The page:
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At about half the height of the mountain the temperature of a small shallow spring was tried where it oozed from a cleft in a rock and found to be 68° Full.—The temperature might however have been lowered by evaporation, therefore it can scarcely be assumed as a true mean temperature, or employed in calculating the height.—It may however be remarked that the mean temperatures given by Mr Leslie for the level of the sea in the different latitudes will certainly not apply to the low latitudes in the eastern islands: 83° which is given as the mean temperature in latitude 3, is far too high for Bencoolen, where the range of the thermometer throughout the year is usually from 74 to 85, rarely falling below 70 or rising above 87 or 8.
The people who inhabit the interior are Rejangs, and speak a different language from the Malays; they extend northward as far as Laye. From the Sillebar river southward, the Serawi tribe prevails, and the space between that river and the Bencoolen is occupied by the tribe of Dua-blas. Similar customs with slight shades of difference in each prevail among all these tribes. At every village where the party staid for the night, the gadises or virgins paid a visit of ceremony in the evening, making a present of betel or siri, and receiving some trifling articles, in return. This custom is general, and it is necessary to be provided with a sufficiercy of fans, looking glasses, or such like articles in consequence, as the number of the young ladies is often very considerable. Sometimes an entertainment is given in honor.of the visitors, and then all the beauty of the surrounding villages is also called in.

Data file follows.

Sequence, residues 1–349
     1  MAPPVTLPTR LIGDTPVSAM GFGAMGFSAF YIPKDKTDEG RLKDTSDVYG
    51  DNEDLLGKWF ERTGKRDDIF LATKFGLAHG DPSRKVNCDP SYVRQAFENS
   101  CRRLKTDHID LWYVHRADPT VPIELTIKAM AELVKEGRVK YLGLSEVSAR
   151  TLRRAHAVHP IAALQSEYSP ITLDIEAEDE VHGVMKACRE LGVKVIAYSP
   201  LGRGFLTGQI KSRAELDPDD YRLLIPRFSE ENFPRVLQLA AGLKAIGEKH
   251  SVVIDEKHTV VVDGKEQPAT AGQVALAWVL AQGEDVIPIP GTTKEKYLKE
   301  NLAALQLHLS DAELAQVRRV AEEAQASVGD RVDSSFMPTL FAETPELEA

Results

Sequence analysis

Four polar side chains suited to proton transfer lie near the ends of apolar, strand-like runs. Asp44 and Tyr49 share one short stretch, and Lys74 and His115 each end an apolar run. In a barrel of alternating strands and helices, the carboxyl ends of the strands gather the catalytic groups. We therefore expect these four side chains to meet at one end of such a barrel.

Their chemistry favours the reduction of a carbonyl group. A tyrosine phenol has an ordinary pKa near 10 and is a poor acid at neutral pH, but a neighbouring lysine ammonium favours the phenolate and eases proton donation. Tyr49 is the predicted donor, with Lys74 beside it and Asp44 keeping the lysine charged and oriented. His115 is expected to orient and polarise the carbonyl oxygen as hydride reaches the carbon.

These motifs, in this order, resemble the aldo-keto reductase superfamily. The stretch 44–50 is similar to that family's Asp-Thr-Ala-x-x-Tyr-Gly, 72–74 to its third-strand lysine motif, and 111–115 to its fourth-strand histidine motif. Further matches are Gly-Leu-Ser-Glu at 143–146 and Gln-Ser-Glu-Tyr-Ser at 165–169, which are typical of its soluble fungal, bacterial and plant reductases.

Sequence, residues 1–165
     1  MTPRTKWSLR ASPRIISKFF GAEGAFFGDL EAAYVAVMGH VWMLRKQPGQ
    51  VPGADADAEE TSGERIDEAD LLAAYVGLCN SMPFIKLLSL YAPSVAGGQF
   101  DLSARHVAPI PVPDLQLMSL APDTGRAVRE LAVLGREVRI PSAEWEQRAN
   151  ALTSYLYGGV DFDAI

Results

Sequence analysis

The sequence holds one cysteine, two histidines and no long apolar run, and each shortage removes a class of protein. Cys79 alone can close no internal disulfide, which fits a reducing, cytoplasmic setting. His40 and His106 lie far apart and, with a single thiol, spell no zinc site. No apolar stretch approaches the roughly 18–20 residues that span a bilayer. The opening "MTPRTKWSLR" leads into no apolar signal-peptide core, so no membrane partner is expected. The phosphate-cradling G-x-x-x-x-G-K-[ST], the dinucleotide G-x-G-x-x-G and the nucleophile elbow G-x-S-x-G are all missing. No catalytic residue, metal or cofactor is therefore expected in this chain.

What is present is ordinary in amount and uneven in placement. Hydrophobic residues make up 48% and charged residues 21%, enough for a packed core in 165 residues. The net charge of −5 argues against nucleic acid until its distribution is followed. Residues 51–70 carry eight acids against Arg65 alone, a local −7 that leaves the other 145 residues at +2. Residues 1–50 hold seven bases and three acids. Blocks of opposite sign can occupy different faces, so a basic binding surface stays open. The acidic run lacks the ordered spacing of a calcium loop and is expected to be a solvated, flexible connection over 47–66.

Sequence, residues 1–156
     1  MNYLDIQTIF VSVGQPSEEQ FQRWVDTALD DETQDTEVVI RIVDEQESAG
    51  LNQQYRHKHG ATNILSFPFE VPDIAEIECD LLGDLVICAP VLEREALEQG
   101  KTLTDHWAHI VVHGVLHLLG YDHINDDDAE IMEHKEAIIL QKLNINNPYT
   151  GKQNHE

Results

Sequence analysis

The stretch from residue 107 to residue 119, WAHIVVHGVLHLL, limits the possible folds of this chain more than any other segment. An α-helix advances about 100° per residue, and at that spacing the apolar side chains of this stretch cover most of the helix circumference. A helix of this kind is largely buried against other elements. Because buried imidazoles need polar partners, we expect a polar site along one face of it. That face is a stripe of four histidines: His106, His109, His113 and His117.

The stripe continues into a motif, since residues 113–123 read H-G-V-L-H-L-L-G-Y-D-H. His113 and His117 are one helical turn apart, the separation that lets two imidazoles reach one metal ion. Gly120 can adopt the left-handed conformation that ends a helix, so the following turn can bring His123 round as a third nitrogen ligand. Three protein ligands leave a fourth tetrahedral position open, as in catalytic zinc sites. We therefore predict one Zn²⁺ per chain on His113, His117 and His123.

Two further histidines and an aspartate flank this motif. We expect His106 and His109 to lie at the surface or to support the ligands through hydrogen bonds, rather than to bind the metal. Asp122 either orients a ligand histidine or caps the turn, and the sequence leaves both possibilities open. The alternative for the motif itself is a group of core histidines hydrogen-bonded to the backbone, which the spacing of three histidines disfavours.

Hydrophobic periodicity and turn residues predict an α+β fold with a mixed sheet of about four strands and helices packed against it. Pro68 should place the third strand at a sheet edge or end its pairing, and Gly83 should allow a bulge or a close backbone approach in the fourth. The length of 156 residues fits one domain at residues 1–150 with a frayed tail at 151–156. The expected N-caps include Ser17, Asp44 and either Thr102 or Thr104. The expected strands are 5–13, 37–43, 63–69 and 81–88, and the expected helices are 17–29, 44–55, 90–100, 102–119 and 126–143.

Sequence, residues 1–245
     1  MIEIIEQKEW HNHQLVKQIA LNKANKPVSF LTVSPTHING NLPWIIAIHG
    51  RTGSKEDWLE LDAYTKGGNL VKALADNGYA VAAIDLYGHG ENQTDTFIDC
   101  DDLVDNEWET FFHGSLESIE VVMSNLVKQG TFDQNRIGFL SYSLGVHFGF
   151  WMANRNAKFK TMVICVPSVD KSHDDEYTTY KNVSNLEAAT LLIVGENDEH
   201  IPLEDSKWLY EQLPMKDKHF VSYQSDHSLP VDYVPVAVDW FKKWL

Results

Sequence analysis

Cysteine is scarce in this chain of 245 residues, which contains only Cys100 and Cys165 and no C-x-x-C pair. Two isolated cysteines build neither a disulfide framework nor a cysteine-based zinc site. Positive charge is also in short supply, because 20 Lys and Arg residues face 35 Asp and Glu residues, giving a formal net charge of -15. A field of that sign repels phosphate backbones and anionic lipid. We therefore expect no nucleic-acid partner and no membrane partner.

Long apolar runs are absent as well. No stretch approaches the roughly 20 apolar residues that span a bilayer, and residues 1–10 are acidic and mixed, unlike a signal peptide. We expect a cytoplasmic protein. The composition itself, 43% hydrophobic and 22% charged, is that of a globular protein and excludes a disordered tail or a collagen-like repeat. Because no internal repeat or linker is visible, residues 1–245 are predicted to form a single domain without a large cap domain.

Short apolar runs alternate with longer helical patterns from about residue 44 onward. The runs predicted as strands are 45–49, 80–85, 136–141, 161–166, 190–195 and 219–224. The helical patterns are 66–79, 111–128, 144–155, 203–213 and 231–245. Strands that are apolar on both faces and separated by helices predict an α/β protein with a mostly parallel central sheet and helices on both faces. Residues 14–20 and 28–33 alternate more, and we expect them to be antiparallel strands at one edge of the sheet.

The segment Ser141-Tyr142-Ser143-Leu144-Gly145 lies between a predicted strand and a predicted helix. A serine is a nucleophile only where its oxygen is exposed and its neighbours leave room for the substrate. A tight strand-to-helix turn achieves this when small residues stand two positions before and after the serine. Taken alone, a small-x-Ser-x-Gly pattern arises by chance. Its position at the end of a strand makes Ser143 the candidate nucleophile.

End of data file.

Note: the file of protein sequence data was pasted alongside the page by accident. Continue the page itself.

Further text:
These entertainments, which take place also on occasions of meniages, &c. are not unamusing and to a European have the additional interest of novelty and originality. They are given in the Balei or public hall, a large building generally in the middle of the village, appropriated to such purposes and to the accommodation of strangers, &c. When European visitors are present, the ceremonial is generally as follows; the gentlemen being seated near the upper end of the room, the gadises drest out in their best attire, make their appearance about nine o'clock, and seat themselves on the floor previously spread with mats, in a semicircle with their attendant matrons behind them; each brings her siri box oi various material and elegance according to the rank or wealth of the parties. The chief of the village or one of the elders then makes a harangue in the name of the Indies, welcoming the strangers to their village, and concluding with the presentation of the betel. An appropriate answer is then to be made, and after taking out the siii leaves a small present is put into each box, proportioned in some degree to the rank of the parties; this however may be put off at pleasure till the conclusion. The amusements of the evening then commence, which consist on the part of the young people of dancing and singing; and of the old, in smoking opium in a circle apart by themselves. The musical instruments are commonly kalintangs,, which are a species of harmonicon formed of a series of small gongs arranged on a frame. A space is cleared on one side for the dance which is performed by five or 6ix of the young gadisen; the step is slow and sailing; the salindang or scarf is adjusted in a particular manner over the shoulders so that the ends may be taken in the hand, and the motions of the arms and management of the flowing scarf are not the least graceful part of the performance.